The Triplets of Belleville The Triplets of Belleville

I don't really know what to think about Triplets. It's a cartoon and it's cool, but it's rather freaky too. I enjoyed it, but I really don't know how to describe what it was I watched. It combines traditional animation with CGI, and it works. But man, is it a quirky flick. This DVD looks wonderful and sounds just as good. Extras include short bits of commentary for select scenes, a weird-ass music video, trailers and a featurette on the director's vision of the animation for the film. It's at least worth looking at. Maybe you'll appreciate it more than I did.


In addition to the above titles, there's lots of your favorite TV shows on DVD this week as well, including: The Bernie Mac Show: The Complete First Season, Gilmore Girls: The Complete First Season, Law & Order: The Second Year, The Osbournes: 2½ and Party of Five: The Complete First Season.

Two of the bigger TV releases are:


Samurai Jack: Season 1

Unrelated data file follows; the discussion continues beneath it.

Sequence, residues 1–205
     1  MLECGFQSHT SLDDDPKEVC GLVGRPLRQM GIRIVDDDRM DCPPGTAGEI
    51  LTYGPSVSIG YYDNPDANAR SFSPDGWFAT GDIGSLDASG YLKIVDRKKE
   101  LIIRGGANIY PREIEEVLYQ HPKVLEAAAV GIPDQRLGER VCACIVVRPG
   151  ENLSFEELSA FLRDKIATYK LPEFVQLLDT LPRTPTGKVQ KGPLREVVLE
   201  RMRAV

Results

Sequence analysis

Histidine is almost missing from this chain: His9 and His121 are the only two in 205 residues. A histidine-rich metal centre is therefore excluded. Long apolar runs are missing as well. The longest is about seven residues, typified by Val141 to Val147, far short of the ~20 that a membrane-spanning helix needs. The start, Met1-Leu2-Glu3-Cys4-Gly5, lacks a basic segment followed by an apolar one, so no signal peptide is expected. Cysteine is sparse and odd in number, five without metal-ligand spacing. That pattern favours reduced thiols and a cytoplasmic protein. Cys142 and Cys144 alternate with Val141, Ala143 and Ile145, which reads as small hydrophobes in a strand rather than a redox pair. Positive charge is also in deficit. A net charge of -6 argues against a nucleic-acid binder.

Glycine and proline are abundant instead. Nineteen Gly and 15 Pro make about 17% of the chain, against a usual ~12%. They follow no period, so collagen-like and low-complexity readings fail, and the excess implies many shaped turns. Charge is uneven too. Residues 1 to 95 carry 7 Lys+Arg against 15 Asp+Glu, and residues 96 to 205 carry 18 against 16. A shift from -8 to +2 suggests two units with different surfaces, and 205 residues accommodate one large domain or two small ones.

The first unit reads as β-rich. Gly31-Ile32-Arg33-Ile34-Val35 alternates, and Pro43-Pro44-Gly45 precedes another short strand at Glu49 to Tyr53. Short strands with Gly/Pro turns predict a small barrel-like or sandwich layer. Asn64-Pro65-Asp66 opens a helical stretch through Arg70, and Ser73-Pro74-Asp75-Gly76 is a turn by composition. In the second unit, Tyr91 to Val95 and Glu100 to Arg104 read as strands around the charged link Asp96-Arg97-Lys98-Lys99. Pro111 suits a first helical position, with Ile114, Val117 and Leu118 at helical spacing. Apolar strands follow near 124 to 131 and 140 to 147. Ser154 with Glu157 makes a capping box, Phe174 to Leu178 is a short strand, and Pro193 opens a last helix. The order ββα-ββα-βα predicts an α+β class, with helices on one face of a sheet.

Samurai Jack: Season 1

Along with giving us the first 13 episodes of this incredible and gorgeous cartoon, this DVD set gives us creator commentary (which is fun), a making-of featurette and a gallery of artwork that's so gorgeous you could print it out and pin to your wall.


Three's Company: Season Two
Three's Company: Season Two

Season Two of this series gives us the show, which was always fun, but it features the original pilot too, and it will boggle your mind. I swear. Three's Company is worth picking up just for that extra alone.


Also available this week:

Calendar Girls, Chasing Liberty, Desk Set, Elephant, Girl with a Pearl Earring and Peter Pan. Plus, you'll have a gay ol' time on DVD, thanks to New Line with their new releases of Incredibly True Adventure of 2 Girls in Love, Love! Valour! Compassion!, Three of Hearts and Torch Song Trilogy.

Have a good one! I'll see you back here next Tuesday...

Todd Doogan
todddoogan@thedigitalbits.com


Doogan's Views - Main Page

E-mail the Bits!


Don't #!@$ with the Monkey! Site designed for 1024 x 768 resolution, using 16M colors and .gif 89a animation.
© 1997-2002 The Digital Bits, Inc., All Rights Reserved.
billhunt@thedigitalbits.com